Recently, my 15-year-old daughter, in her politest, most respectful tones, begged me to please stop buying clothes for her without her supervision. That’s quite a bruising request of someone who’s worked her entire life in fashion, and likes to think she knows a thing or two about putting together a nice outfit. But even when I try to buy something within her strict parameters – it must be battered, loose- fitting and woe betide if it is any colour that isn’t black or white – I manage to widely miss the mark.
As smarting as it is to be told that you are simply too old and naff to understand what the cool kids are wearing, I must admit it immediately had me hurtling back to similar conversations with my mother. She and I are as agreeable on matters of fashion as Donald Trump and Joe Biden are on vote counting. I have always respected and frankly admired that Mum doesn’t really have much time for fashion: garments in her wardrobe are largely judged on their ability to endure the rigours of stable-mucking. And yet, bafflingly, she felt fully qualified to put together a stylish wardrobe for her teenage daughter. I love my mum, I really do, but she was incorrect on this point. She did, though, hold the purse strings and thus the power.
My father would look terrified whenever it was announced she was taking me shopping for new clothes. I will never forget the very last of these trips, to find a dress for my Year Ten formal. We even drove about 20 miles further than usual to ‘the good shops’. We lasted all of about half an hour before a ferocious clash of wills ended with Mum storming off and driving home, leaving me to eventually figure out that I’d be making my own way back on the train. We laugh about it now (not that I dare mention it much). I think our fashion wars may have been my main motivation for looking for a job and taking charge of my own money and wardrobe. Thank goodness Mum and I bond over our insane love of dogs. Similarly, my daughter and I both love stand-up comedians and Taylor Swift.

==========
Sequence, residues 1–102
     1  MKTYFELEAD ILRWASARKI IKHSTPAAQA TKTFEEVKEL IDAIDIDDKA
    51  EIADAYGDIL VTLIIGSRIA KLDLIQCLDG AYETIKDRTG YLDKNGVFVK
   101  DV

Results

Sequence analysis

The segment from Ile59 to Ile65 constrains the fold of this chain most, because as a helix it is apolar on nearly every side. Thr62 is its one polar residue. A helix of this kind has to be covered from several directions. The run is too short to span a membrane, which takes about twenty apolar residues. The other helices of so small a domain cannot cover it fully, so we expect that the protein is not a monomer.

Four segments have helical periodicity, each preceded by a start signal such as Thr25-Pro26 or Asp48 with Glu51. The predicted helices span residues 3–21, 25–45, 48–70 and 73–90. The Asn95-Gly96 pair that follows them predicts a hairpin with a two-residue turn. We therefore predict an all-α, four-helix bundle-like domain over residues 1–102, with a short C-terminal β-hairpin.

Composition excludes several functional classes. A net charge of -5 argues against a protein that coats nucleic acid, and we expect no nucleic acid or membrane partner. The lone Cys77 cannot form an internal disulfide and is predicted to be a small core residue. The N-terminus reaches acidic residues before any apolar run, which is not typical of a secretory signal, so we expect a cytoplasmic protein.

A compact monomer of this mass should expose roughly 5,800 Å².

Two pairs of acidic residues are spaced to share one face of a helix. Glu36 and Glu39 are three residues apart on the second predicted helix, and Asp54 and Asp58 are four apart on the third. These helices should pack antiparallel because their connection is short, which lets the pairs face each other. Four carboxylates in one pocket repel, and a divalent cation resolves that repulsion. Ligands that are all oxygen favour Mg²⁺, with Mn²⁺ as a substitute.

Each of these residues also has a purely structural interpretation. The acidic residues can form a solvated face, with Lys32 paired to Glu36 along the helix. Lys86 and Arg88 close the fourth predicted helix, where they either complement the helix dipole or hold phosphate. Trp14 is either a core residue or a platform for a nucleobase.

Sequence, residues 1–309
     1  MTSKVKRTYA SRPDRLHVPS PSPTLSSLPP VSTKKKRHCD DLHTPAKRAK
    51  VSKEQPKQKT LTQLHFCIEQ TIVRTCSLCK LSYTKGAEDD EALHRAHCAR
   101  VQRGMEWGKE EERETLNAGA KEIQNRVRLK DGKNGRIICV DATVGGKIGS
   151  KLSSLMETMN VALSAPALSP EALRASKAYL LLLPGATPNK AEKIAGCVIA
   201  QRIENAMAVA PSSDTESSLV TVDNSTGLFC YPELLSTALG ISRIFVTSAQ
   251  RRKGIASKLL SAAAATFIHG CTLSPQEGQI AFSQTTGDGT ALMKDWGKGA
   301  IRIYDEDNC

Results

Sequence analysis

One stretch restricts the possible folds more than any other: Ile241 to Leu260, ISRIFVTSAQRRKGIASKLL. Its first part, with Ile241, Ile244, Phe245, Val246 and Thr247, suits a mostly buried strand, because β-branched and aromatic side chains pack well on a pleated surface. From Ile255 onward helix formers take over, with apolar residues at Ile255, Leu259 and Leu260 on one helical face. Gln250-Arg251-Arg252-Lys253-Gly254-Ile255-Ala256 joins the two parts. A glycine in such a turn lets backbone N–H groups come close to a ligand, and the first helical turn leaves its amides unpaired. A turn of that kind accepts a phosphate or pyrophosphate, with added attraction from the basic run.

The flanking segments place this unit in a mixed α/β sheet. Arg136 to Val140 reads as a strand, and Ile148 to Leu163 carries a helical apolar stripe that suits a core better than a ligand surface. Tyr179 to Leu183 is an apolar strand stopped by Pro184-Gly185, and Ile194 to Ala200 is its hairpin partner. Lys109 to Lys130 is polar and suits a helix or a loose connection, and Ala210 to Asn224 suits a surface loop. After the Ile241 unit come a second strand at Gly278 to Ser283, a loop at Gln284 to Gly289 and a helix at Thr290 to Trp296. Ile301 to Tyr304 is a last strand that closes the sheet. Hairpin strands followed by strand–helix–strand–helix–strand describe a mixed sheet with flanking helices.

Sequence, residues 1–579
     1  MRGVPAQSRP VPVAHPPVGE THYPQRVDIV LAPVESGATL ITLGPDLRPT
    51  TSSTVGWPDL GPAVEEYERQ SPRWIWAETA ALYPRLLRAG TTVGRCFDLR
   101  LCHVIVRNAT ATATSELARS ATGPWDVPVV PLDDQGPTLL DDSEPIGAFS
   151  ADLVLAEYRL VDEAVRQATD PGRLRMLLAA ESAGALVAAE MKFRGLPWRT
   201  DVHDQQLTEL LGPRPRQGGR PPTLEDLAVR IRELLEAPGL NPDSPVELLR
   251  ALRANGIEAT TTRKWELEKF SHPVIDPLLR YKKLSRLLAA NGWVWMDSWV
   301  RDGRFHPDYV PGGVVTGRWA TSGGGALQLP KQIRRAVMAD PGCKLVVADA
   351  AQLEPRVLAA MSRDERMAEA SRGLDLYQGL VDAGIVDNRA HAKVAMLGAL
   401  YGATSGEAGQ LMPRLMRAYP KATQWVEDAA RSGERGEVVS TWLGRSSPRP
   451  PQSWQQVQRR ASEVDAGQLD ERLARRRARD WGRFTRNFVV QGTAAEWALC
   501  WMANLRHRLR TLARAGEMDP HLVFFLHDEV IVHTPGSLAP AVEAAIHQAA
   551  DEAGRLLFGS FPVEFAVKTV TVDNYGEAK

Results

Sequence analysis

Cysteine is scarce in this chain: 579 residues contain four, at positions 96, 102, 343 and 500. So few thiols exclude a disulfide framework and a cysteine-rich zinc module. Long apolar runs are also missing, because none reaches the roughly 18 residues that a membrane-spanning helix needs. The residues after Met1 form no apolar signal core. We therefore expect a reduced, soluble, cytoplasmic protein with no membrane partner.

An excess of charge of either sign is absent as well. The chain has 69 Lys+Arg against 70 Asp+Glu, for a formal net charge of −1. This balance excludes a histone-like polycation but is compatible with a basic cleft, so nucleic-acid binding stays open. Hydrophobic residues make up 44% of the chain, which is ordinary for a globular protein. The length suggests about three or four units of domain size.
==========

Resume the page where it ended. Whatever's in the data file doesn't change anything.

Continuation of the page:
So when I read that our own contributing editor Trinny Woodall – one of the most stylish women in Britain – rarely sees eye-to-eye with her daughter Lyla about outfits, well, I’m starting to wonder if women have an almost biological imperative to view our mums’ dress sense as a bit off.
In this issue Trinny and Lyla share their tips for mother-and-daughter harmony on clothes-shopping trips, how you can pinch this and that from each other’s wardrobes and not end a single day with anyone being deserted in a mall. But perhaps the biggest lesson to learn is, unless one of you is breaking some kind of public decency law, just let everyone wear what they want – no matter how much you might hate it.
A few things I’m coveting this week